Another set of problem is due to the raw materials. Iron Ore and Coking Coal are the two major raw material ingredients for steel production. Although the country has 28 billion tonnes of Iron ore reserves, the exploitation of these resources is a major issue because of environmental and land acquisition disputes. Simultaneously, the international demand of iron ore, triggered primarily by China, has led to the flourishing of illegal mining in India. As a preventive measure the Government of India imposed restrictions over mining in Karnataka. This led to supply side constraints for steel plants in the past 2 years. However, the effect of this ban was somehow mitigated by the increase in export duty on iron-ore. But, a sustainable iron ore supply is required for the Indian steel industry in the future to realize the expected crude steel production of 275 Mt by 2025-26. The second most important raw material is Coking Coal. Although India has plentiful thermal coal deposits, the coking coal resources are limited. Therefore, for the conventional blast furnace plants, the Indian steel makers are heavily dependent on imports. This dependence has hurt the manufacturers from time to time due to fluctuations in exchange rate and international prices of coal. Hence, availability of cheap and good quality raw materials is a major concern that needs to be addressed as it constitutes a major part of the cost stream of steel plants. This concern gains more importance as the crude steel production is expected to go three-fold in next 12 years. The cost of raw materials varies from plant to plant and is as high as around 55% for state owned RINL. The high cost of raw materials leads to high production costs and constrains the manufacturers from decreasing the prices during weak demand cycles.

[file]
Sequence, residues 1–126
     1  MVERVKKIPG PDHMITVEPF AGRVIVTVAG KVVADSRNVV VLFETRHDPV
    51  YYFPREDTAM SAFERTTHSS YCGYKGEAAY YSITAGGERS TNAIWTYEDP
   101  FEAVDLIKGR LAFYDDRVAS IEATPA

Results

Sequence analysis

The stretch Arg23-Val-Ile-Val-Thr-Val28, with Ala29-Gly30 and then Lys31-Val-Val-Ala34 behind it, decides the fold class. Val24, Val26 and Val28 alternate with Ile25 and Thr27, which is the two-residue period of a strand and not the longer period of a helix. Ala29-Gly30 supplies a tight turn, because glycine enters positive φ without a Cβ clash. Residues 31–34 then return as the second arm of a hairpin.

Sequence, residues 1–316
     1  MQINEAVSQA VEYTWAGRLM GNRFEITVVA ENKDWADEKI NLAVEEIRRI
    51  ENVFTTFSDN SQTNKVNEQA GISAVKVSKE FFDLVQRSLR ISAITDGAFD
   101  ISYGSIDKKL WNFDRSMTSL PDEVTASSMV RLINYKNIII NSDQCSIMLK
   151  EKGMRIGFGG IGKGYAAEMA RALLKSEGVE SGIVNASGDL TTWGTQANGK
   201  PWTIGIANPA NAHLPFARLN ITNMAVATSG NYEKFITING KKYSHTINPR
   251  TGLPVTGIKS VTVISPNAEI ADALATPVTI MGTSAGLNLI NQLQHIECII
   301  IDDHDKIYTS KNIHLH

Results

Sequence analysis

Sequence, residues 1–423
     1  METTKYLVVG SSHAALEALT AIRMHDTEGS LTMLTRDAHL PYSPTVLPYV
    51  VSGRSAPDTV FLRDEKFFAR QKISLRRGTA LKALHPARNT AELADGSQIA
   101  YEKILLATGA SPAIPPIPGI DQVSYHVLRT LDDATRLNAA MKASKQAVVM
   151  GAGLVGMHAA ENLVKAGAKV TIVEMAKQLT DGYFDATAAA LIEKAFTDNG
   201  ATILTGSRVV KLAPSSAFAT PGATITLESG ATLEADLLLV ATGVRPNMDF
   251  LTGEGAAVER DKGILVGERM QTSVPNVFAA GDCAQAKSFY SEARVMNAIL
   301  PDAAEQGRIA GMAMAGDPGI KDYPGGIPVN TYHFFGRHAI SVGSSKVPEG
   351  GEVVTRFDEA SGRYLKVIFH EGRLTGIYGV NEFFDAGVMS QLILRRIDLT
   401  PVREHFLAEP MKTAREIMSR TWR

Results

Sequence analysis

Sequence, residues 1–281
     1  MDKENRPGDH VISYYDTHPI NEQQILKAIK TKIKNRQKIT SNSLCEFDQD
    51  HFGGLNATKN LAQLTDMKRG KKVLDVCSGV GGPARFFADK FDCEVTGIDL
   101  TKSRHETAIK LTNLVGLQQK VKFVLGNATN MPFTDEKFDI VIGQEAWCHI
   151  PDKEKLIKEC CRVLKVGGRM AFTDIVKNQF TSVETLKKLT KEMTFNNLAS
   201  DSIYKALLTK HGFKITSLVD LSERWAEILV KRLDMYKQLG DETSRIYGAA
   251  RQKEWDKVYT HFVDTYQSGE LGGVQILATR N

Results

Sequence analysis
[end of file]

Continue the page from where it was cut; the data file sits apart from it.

The expectations are high and the demand side still appears promising but the supply side constraints especially raw materials and land is a major bottleneck which can derail the whole industry in coming future. As the scale of operations is going to increase, an effective and sustainable government policy is the need of the hour, which can take care of the availability of the all the resources as there is no dearth of investors who want a share of the pie of the Indian Steel Industry.
Mani Mahesh Garg is a PGP1 student at IIM Ahmedabad and a member of the Consult Club. He is a graduate from IIT (BHU), Varanasi with B.Tech in Ceramic Engineering. Prior to joining IIM A, Mani Mahesh worked at RINL, a public sector steel manufacturer.